May 25, 2015

June Gloom Starts in May

Sometimes the atmosphere doesn't follow our calendar.   June Gloom, one of the frustrations of life west of the Cascade crest, has arrived early and the results--incessant low clouds--have arrived.    Look outside or view a few of the local web cams to see it in action:



The source of June Gloom is the large pool of low clouds that develop over the eastern Pacific.  Here is the image this morning....the eastern Pacific is FULL of low clouds.  Strangely enough, such extensive clouds occur under high pressure conditions, which develop as the East Pacific high builds and extends northward.

Why does high pressure help low clouds?  One reason is that high pressure is associated with sinking and warming conditions aloft, which forms a low-level inversion that traps moisture at low levels. The vertical sounding (plot of temperature and dew point with height from a balloon-launched radiosonde) at Qullayute, on the WA coast, shows exactly this structure (see below).
Dew point is shown by the blue dashed line and red is temperature.  Height is in pressure (900 is about 3000 ft up, 700 about 10,000 ft).  In the lowest few thousand feet the atmosphere is saturated (low clouds), with inversion (temp increasing with height) above.   Primo conditions for the gloom.

Here is the pressure pattern for 11 AM this can see the high offshore (solid lines are isobars, lines of constant pressure)

In June, we generally have the high parked offshore, lower pressure over land, and an onshore pressure difference that pushes the low clouds to the Cascade crest.  June gloom.   As shown in the satellite image above, their is often a sharp end to the gloom near the crest, so sun is just short drive east on I90.    Yesterday, I did just that with a friend, mountain biking to the UW Manastash Ridge observatory near Ellensburg.  Sun and amazing wildflowers.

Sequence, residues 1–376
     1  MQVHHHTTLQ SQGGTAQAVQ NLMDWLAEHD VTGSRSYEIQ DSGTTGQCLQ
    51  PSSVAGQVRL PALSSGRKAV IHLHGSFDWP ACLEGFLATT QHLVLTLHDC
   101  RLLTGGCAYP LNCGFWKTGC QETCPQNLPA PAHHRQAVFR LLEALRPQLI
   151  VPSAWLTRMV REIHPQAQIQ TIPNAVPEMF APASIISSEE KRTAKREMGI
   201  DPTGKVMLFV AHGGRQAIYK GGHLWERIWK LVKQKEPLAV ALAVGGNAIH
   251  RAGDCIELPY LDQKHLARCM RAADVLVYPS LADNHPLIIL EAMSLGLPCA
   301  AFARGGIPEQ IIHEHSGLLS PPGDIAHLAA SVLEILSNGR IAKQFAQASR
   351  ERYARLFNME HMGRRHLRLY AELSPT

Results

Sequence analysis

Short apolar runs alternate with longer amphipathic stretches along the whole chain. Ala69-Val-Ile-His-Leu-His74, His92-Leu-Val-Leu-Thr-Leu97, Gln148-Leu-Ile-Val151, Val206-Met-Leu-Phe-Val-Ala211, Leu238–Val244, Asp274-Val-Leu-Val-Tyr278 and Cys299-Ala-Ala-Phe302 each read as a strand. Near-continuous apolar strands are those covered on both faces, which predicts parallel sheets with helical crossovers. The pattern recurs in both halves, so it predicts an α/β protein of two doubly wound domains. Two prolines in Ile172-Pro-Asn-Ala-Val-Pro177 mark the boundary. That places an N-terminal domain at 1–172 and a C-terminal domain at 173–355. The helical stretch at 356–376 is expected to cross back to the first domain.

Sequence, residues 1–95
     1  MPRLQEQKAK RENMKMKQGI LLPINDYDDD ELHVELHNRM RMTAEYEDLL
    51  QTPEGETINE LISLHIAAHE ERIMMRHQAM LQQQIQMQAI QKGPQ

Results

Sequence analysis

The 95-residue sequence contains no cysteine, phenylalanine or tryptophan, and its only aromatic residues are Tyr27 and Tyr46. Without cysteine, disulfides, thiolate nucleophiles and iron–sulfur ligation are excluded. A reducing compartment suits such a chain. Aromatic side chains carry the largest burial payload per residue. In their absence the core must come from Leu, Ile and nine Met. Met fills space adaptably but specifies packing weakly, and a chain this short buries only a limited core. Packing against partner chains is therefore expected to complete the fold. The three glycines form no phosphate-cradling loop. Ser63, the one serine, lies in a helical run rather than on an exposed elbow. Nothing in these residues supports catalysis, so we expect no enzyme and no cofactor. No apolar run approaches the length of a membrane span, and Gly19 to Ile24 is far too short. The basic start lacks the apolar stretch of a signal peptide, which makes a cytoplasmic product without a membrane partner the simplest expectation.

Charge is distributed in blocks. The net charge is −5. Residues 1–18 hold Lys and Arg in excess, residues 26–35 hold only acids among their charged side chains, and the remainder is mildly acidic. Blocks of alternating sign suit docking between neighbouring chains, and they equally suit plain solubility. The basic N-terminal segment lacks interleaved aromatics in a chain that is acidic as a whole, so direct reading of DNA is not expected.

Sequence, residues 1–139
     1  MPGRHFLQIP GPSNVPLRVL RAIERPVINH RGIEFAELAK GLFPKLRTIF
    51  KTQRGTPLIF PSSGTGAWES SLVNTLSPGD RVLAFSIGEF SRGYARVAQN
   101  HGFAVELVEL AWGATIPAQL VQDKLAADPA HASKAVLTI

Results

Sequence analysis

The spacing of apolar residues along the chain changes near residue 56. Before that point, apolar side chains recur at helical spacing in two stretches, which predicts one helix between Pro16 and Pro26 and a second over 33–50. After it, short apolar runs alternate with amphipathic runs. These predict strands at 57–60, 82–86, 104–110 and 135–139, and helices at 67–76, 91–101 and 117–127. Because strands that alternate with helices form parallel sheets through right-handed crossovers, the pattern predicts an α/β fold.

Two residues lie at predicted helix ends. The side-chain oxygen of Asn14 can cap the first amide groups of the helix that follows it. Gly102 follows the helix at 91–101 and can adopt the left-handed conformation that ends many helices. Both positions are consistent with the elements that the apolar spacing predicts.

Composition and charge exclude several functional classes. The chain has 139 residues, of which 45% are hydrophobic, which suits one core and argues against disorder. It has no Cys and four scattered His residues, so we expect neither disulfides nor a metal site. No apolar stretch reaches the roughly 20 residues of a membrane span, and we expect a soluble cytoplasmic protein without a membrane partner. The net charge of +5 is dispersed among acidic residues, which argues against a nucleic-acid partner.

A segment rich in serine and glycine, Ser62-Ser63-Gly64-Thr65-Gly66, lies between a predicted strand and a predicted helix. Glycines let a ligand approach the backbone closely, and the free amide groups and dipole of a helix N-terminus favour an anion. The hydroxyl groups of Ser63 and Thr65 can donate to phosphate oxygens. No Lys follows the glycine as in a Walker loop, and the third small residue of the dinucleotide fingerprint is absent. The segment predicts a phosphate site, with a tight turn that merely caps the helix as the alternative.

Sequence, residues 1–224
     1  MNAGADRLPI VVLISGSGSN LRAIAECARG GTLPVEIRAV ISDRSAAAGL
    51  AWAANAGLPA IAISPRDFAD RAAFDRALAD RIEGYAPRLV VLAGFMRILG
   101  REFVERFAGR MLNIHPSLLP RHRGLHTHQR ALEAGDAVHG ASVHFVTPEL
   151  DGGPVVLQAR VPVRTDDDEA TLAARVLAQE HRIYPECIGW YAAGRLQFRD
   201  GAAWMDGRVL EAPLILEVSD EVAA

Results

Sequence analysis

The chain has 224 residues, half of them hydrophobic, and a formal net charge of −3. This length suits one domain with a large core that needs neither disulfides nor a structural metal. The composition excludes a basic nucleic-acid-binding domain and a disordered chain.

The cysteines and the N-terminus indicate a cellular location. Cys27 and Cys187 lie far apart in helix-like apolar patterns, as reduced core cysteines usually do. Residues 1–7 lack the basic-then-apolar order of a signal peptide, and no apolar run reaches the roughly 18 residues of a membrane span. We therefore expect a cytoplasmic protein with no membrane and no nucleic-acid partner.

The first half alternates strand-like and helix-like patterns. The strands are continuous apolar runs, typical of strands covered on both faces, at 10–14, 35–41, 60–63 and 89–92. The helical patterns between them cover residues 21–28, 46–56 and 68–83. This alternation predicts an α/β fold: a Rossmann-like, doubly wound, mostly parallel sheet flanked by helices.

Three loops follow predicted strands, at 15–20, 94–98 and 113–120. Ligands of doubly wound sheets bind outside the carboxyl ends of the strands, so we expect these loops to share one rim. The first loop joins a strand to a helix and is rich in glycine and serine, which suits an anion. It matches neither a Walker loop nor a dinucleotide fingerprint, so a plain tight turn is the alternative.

We can escape the gloom for a while when easterly flow develops, displacing marine air with dry, continental air.  That happened earlier this week when it warmed into the 70s.    But real relief often has to wait until July, when the high pressure builds northward and the winds aloft become more northerly.

And if it makes you feel any better, June Gloom is a phenomenon that hits the entire West Coast, including our brethren in southern California (see pic).  They always have their hot tubs.

June Gloom at Seal Beach, CA


  1. In this morning's (Monday, May 25) Seattle Times weather map, there are ten Low Pressure areas indicated in the U.S. all west of the Mississippi River . . . and one High Pressure area in SW Montana. Isn't part of the definition of a Low the presence of higher pressure around it? Why aren't there more intervening areas of high pressure indicated on the map?

  2. It's a different story east of the Cascades.Low 80's and plenty of sunshine here in Spokane the last four days,although it's cloudy and cooler today.If the upper level ridge builds as expected later this week,there will be a good chance that May 2015 will end up being the warmest May at Spokane (GEG) since 1958!

  3. "the results--incessant low clouds--have arrived."

    The clouds have been ceasing around ten just about every day, though they do return day after day after day, and that can seem incessant. It's just the plain old marine pattern I grew up with in the Bay Area.

  4. This June gloom always tends to bum me out. There is no energy in it. No sun, no wind, no thunderstorms here in the Western part of the state- not even much rain, at my house anyway. It always hits right after a spell of really nice weather. Just as I have become acclimated to the 70's and 80's, I have to re-acclimate to the high fifties and low sixties. And it can be very persistent.

    In my estimation, June Gloom is the west coast's biggest fault, even including winter, because dreariness can be excused in winter. I am from the East, where there is no equivalent phenomenon. In the East, as well as the Rockies, once it gets warm, it usually stays warm and mostly sunny until fall, with brief intense storms (which I enjoy).

  5. Cliff, shouldn't there logically be a "mirror image" of June Gloom: September Gloom? I suggest that if the average position of the high passes to the west of us and brings us first a west wind, creating June Gloom, and then a north wind in July and August, with the clear weather, then it must move south in September before the rains set in, creating a west wind again with a mirror image of June Gloom in early fall...

  6. In San Diego it came in May often enough we called the May Grey and the June Gloom.

  7. Can anyone tell me, is the Olympic Rain Shadow exempt from June Gloom, more or less...?


Please make sure your comments are civil. Name calling and personal attacks are not appropriate.

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